On June 9, a coalition of clergy, law enforcement officials, right-to-life organizations and other serious people held a news conference in a City Hall conference room to denounce CityBeat's adult-oriented advertising. Led by Citizens for Community Values (CCV) and fronted by the Rev. Charlie Winburn, the coalition claimed that CityBeat's adult ads are the primary engine driving the Tristate's prostitution racket.
CityBeat Co-Publisher Dan Bockrath was alerted to this coalition and this news conference late last week when a Cincinnati Enquirer reporter called to get a response to the claims about our adult ads. The reporter indicated that CCV representatives had met earlier with The Enquirer's editorial board to discuss their problems with CityBeat.
CityBeat wasn't invited to the June 9 news conference, which was covered by the local TV, radio and print media. And thus the stated goal of this coalition -- to request that CityBeat stop running adult-oriented ads -- turned into a publicity circus that left CityBeat as the last media organization to hear the actual request.
When Enquirer reporter Rebecca Goodman asked why the coalition didn't approach CityBeat directly, CCV Vice President David Miller said they simply "decided against it." CCV President Phil Burress told WLW's Mike McConnell that CityBeat "hates our guts" and so he thought contacting the paper directly wasn't worth the trouble. Miller told The Enquirer editorial board that the coalition preferred the "more confrontational strategy" of a public news conference.
Thus it's clear what this situation is really about: publicity for CCV, Winburn and their coalition.
On the same day as the press conference, The Los Angeles Times reported that Burress cut off contact with Sen.
John McCain's presidential campaign over McCain's perceived lack of enthusiasm for right-wing social causes. Burress and CCV had a huge hand in the 2004 ballot initiative that banned gay marriage in Ohio, a calculated political maneuver that helped President Bush win the state.
Today, Burress is a moral crusader looking for an issue, a presidential candidate and some face time in the media -- and it's not working out so well. Desperate for attention, he drags out the sex industry for another lap around the track and decides to pick on CityBeat.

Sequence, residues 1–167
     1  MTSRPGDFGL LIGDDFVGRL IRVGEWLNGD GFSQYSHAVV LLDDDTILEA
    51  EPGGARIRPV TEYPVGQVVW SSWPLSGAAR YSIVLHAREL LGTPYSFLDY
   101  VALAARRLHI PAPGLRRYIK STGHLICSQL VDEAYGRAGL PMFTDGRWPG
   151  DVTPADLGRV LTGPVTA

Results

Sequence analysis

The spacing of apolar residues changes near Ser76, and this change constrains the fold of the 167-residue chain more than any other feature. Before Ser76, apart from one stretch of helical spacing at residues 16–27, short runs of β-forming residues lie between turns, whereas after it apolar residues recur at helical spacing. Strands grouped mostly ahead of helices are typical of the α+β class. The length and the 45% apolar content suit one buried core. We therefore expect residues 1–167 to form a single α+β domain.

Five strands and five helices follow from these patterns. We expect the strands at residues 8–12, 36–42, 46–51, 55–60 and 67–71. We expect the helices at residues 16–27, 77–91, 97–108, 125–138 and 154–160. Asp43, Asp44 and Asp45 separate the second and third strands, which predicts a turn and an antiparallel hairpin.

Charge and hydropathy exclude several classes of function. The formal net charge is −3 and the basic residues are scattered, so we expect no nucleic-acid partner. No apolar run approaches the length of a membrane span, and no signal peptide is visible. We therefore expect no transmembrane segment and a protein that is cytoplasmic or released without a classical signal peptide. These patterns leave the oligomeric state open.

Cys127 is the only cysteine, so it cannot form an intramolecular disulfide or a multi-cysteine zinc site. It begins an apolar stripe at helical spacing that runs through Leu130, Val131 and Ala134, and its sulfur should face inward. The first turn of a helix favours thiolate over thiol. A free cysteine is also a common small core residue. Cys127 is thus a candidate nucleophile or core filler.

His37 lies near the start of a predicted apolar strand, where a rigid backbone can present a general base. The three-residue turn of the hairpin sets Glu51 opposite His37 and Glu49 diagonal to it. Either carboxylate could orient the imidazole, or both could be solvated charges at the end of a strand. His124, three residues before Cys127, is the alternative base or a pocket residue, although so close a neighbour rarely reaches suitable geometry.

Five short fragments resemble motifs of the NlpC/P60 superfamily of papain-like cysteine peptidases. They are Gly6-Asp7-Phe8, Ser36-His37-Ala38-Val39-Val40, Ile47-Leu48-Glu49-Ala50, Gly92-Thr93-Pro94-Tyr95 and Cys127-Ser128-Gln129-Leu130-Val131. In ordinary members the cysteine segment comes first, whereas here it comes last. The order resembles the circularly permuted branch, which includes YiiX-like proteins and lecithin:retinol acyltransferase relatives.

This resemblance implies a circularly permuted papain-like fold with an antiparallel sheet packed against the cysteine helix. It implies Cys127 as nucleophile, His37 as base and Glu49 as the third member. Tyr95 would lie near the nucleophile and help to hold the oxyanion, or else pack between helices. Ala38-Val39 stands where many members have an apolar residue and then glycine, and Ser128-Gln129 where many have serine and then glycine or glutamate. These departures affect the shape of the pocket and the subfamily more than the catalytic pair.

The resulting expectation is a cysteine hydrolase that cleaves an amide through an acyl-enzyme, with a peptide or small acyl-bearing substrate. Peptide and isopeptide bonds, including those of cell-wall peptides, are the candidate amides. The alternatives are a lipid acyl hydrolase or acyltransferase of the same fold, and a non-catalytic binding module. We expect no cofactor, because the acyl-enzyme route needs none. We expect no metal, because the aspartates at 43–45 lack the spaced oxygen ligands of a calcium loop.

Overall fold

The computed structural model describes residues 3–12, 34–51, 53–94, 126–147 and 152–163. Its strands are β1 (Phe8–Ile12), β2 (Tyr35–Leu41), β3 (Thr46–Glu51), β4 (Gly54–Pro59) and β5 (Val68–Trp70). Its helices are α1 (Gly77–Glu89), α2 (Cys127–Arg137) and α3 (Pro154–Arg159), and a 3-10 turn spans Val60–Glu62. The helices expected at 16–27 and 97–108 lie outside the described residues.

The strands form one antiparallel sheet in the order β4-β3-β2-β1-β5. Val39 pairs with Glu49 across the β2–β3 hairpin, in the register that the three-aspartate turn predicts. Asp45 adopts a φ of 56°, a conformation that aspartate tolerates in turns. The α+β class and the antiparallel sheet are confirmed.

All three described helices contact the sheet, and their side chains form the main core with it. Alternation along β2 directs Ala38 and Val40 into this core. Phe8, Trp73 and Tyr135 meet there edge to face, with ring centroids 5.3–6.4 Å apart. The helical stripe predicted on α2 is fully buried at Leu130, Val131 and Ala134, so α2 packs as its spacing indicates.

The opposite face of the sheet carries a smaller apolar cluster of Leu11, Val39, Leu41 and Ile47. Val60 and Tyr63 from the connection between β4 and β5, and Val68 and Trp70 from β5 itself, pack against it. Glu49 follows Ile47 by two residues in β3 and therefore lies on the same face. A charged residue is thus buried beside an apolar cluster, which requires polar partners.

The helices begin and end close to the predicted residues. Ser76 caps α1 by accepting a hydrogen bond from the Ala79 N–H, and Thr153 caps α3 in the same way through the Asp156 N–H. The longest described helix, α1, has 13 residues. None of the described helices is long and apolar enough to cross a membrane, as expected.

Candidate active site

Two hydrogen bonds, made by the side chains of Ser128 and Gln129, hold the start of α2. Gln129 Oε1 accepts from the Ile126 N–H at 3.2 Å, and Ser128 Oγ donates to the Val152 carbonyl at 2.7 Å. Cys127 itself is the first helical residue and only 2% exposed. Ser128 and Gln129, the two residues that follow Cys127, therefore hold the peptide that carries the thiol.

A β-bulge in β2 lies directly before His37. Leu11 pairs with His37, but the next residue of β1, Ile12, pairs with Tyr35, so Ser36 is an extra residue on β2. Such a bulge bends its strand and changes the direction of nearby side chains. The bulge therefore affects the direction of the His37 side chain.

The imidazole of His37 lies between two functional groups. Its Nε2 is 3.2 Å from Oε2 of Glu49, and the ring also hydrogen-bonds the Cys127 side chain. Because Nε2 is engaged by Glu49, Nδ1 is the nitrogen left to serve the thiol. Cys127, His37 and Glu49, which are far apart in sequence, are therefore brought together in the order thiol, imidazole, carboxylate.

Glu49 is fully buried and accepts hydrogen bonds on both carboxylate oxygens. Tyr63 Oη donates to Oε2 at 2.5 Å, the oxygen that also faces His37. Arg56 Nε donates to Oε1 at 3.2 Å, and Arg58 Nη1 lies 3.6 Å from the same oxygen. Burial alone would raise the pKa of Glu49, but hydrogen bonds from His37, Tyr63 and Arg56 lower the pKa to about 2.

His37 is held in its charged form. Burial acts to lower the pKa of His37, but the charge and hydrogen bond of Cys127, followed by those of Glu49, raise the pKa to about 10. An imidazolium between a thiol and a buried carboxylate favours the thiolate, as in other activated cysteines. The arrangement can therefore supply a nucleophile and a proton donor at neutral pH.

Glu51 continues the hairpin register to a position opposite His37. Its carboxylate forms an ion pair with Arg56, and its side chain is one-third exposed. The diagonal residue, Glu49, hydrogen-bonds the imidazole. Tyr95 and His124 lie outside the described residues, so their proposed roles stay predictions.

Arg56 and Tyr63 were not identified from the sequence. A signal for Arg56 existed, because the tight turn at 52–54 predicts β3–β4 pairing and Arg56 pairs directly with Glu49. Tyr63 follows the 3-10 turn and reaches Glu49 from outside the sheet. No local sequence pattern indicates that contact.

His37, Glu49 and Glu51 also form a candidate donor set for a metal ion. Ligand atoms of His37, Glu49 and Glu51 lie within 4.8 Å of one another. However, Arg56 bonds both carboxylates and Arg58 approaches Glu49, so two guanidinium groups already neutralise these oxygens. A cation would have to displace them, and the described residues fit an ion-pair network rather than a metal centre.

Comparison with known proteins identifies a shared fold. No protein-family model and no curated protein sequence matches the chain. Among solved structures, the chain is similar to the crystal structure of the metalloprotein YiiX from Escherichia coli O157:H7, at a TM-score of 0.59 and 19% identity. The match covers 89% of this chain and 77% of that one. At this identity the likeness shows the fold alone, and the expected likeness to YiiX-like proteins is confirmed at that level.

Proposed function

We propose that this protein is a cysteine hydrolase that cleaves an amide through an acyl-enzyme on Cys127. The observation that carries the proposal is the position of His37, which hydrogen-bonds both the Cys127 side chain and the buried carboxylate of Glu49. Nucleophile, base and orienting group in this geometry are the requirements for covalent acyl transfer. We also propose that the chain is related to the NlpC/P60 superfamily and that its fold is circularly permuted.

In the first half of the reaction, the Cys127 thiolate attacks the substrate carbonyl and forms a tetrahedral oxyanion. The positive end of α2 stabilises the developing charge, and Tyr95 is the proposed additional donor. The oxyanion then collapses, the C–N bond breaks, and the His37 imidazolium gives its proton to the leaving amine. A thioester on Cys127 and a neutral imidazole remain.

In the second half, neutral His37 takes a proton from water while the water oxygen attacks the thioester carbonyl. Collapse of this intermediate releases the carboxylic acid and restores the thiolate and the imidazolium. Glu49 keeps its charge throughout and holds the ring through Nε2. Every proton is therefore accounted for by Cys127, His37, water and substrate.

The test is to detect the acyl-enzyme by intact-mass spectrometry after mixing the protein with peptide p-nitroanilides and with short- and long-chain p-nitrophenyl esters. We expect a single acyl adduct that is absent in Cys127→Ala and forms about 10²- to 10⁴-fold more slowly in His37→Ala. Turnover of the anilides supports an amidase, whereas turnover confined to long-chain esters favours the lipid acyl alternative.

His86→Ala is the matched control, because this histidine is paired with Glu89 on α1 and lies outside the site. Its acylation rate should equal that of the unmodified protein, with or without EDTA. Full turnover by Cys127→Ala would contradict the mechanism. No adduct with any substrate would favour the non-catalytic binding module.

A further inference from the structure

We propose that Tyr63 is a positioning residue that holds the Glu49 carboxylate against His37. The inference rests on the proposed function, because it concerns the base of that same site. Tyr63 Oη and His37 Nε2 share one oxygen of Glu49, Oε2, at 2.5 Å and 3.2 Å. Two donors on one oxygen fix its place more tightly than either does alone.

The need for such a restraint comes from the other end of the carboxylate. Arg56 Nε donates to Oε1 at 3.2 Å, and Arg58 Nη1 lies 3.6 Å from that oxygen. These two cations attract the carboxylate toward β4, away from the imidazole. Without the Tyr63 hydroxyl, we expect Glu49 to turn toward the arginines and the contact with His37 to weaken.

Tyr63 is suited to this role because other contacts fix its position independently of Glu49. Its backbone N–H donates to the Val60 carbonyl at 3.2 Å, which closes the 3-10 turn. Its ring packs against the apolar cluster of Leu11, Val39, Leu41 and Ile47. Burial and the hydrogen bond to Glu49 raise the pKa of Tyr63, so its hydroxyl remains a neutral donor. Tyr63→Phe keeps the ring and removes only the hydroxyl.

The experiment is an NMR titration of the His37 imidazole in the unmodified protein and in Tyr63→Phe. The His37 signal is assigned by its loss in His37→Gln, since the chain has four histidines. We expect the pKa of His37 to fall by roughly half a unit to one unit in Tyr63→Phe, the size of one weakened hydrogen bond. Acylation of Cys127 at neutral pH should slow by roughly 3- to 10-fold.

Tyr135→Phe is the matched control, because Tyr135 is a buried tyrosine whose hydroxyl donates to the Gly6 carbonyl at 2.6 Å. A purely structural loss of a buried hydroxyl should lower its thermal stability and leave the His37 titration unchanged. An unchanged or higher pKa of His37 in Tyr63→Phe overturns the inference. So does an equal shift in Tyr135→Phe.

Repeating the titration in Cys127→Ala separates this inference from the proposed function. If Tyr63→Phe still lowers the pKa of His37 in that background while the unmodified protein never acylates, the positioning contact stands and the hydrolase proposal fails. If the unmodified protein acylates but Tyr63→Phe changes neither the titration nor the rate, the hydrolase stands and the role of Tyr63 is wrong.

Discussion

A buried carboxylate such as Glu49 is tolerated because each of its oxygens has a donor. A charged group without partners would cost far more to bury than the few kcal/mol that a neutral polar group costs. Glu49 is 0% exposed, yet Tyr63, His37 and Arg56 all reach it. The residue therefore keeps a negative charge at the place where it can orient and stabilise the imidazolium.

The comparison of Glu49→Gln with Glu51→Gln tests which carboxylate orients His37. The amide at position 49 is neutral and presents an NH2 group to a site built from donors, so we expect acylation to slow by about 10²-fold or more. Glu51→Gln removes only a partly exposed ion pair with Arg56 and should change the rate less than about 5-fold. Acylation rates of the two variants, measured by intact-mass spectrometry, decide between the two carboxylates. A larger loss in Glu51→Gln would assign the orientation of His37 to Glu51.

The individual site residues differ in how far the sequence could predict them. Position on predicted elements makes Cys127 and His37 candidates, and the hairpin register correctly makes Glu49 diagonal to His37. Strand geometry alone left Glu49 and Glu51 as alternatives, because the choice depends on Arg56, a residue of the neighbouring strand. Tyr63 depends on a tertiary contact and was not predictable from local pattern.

Granted, the issue that Burress and his coalition profess to be concerned about -- human trafficking and forced prostitution -- deserves more media attention and law enforcement attention. CityBeat's Margo Pierce recently wrote an excellent cover story detailing how the problem has taken hold in Ohio ("Of Human Bondage," issue of Feb. 13).
CityBeat's adult ads, however, aren't the cause of human trafficking in the Tristate, and their elimination isn't the solution. And CCV's request really isn't about ads they claim are fronts for prostitution.
In a letter to Bockrath and me, the CCV coalition asks that CityBeat "eliminate the adult services category, and refuse to accept ads elsewhere for sexual services, in both your print and online editions." Many local businesses have run ads for adult services over the years in CityBeat -- and that includes everything from escorts and dancers to 1-900 chat lines to the Hustler store.
Many of those same businesses, and others like them, run ads in the Yellow Pages, The Enquirer, Cin Weekly and other area print publications. Our adult community classified ads on citybeat.com are similar to what anyone would find at Craig's List or by Googling "Cincinnati adult services."
But instead of trying to launch a comprehensive assessment of how adult advertising intersects with illegal activity or a community discussion of the tragedy of human trafficking, CCV decides to pick on CityBeat. Then CCV lets the other media in on their scheme in advance, and CityBeat is the last to find out about the attack.
It's a cowardly, mean-spirited attempt at intimidation, and we won't stand for it. I hope you'll stand with us to fight these bullies.
As usual, I wish we were fighting over something truly important for this community. Arguing about the right to advertise body rubs and "exotic delights" isn't high on my list of crucial issues that define and shape Cincinnati, but someone needs to stand up for local people who engage in these types of businesses. They need to have outlets for promoting their admittedly alternative goods and services, and CityBeat is proud to be one of those outlets.
CCV wanted this confrontation to be a public spectacle, and they've gotten their wish. Too bad a lot of energy will be expended in this struggle without accomplishing much of substance.
Contact John Fox: firstname.lastname@example.org